The middle section – (I shall come to that again later) Bernard retreats from view, and my one minor quibble with this novel is that this section is longer than it need be. Bernard has recently finished at Oxford, destined for a career in banking – a career arranged for him, and one he doesn’t look forward to. A few weeks on Lake Como is a kind of compensation for the dull years ahead. Supposed to be meeting up with a friend, who having fallen ill can no longer come, Bernard is on his own, experiencing grown up society for the first time. Clustered around Bernard, at this society retreat are members of the American and European elite, British, Italian, Russian and Hungarian society are represented. Bernard is drawn to Ilona Zapponyi, daughter of a countess, but Ilona has had her heart broken by Kovanski, and the Zapponyi’s leave quickly. Bernard realises that Kovanski is at the hotel in pursuit of the mysterious Madame Solario, still young and beautiful – who arrives amid disturbing rumours of her past. Whispers of a terrible scandal within her family, leading to her being married off to her much older South American husband – only where is he now? And what happened to her brother who disappeared around the same time?
“Bernard saw coming out a lady he had not seen before. She was not a girl, not young in his sense, though he knew she could not be more than twenty-seven or -eight, and his eyes stayed on her – not with any interest that a girl might have aroused, only contemplatively, but stayed, because he at once thought her beautiful. Her figure was a little above medium height and very graceful; she was fair, and she wore a hat trimmed with velvet pansies in shades of mauve that deepened into purple. After she had walked out into the sunlight she opened a white silk parasol, and Bernard saw a tall Italian called Ercolani go quickly up to her; they stood talking – that is to say, she stood very still with her parasol resting on her shoulder, while he did the talking.”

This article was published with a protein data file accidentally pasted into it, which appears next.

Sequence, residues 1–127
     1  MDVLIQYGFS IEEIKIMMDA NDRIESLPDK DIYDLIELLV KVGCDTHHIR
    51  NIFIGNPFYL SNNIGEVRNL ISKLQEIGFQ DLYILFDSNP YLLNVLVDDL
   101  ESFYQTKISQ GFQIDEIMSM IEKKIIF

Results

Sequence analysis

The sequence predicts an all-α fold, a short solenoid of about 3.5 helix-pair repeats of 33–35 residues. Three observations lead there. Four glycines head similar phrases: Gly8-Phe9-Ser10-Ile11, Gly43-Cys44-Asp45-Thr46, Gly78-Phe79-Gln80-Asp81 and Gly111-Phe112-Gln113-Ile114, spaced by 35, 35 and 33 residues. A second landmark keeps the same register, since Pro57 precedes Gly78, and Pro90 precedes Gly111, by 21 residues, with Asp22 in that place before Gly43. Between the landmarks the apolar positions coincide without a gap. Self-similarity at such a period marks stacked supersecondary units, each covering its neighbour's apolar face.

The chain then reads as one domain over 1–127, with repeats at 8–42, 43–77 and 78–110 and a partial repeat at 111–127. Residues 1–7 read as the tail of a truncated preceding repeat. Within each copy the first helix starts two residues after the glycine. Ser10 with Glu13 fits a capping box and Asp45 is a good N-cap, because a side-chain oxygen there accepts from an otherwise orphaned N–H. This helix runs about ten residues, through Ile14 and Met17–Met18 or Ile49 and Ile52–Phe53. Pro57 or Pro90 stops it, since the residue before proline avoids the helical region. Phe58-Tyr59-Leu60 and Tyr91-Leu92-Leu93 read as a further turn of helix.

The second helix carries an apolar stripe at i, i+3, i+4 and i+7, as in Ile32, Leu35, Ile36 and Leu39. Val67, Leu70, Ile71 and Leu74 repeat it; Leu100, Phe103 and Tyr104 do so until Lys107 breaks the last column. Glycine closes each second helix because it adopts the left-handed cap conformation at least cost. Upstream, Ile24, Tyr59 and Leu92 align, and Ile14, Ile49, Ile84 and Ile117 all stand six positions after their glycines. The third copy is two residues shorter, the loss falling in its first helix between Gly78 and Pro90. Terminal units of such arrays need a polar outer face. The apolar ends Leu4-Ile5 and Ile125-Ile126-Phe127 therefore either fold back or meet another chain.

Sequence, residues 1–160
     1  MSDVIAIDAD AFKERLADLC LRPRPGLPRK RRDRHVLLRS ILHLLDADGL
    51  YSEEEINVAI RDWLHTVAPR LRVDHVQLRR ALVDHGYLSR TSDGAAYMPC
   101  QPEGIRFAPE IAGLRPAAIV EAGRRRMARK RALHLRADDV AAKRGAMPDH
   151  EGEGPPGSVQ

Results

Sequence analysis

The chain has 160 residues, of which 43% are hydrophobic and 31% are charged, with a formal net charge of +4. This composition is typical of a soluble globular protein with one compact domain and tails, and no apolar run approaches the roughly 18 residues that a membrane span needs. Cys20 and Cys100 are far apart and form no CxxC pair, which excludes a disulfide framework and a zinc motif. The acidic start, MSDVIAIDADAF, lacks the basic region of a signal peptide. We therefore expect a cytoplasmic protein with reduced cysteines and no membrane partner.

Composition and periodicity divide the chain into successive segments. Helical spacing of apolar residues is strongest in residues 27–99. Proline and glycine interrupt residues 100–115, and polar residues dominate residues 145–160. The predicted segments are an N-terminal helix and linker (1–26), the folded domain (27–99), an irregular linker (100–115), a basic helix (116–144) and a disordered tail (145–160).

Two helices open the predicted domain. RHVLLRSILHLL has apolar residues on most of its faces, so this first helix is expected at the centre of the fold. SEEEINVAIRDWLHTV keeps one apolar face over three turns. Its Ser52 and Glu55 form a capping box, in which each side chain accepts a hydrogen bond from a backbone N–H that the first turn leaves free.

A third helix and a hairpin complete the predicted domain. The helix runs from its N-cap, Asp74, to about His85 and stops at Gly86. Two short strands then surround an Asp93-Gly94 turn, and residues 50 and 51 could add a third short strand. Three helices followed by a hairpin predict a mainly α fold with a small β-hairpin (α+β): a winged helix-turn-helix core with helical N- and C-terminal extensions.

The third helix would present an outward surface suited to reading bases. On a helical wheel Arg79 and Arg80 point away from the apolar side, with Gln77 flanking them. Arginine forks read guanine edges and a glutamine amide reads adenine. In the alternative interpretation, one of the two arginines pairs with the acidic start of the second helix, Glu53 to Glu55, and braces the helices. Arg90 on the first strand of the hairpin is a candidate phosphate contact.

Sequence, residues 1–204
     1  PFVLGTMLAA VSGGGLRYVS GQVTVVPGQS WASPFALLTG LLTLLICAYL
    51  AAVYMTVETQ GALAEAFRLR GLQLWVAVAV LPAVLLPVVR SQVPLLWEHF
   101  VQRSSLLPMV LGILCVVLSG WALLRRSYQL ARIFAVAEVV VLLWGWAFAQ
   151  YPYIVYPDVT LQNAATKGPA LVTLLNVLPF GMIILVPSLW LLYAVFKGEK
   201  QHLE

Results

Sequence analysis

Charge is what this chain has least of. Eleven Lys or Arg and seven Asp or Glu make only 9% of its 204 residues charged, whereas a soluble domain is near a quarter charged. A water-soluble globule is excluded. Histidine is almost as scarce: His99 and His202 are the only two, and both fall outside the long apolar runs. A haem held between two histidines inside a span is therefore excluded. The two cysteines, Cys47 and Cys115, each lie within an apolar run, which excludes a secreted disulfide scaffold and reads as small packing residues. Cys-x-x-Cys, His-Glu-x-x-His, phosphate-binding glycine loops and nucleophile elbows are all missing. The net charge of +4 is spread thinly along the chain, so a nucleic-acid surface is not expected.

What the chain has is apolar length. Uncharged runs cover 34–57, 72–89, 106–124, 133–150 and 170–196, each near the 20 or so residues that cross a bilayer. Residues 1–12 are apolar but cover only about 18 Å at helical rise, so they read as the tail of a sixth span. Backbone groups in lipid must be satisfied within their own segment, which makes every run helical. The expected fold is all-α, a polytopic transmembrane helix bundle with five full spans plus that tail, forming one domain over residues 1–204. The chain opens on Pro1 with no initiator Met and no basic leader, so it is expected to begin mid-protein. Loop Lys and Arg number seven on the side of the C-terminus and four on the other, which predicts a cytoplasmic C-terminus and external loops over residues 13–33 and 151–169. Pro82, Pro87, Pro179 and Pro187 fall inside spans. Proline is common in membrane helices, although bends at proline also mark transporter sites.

Bernard starts spending time with Madame Solario, she seems to appreciate his easy company. Walking along the winding paths that run alongside the lake, he is a frequent, rather over-awed companion to this elusive beauty. Bernard is a great observer, he watches and listens to everything that goes on around him. Kovanski – who Bernard has taken seriously against – makes Bernard feel young and foolish. Just as Bernard’s unlikely friendship with Natalia Solario begins there is another surprise arrival at the hotel – Eugene Harden, Madame Solario’s brother – whom she hasn’t seen in twelve years, and who calls her Nelly.
The second part of the novel – explores the intense, rather disturbing relationship between Natalia and her brother and their reunion. Eugene cross examines his sister about their past, bitterness, jealousy and shared remembrances come into play. Eugene plots to raise his own social standing by taking advantage of various imagined alliances, and we lose sight almost completely of dear Bernard. This second section, as well as being a bit long is the weakest section of the novel – which is gloriously revived in the final section which sees Natalia leave Cadenabbia, and Bernard is right in the middle of the action as he is given the opportunity to protect the woman who has so beguiled and charmed him.
Gladys Huntingdon tells a story of disturbing scandal, against a backdrop of polite society, under which flows a current of something rather dark.
I finished reading this novel – both impressed and full of questions. Madame Solario remains elusive, we never completely get to know her – and this feels exactly right, as the memory of the glimpses we get of her, haunts the reader long after the book is laid aside.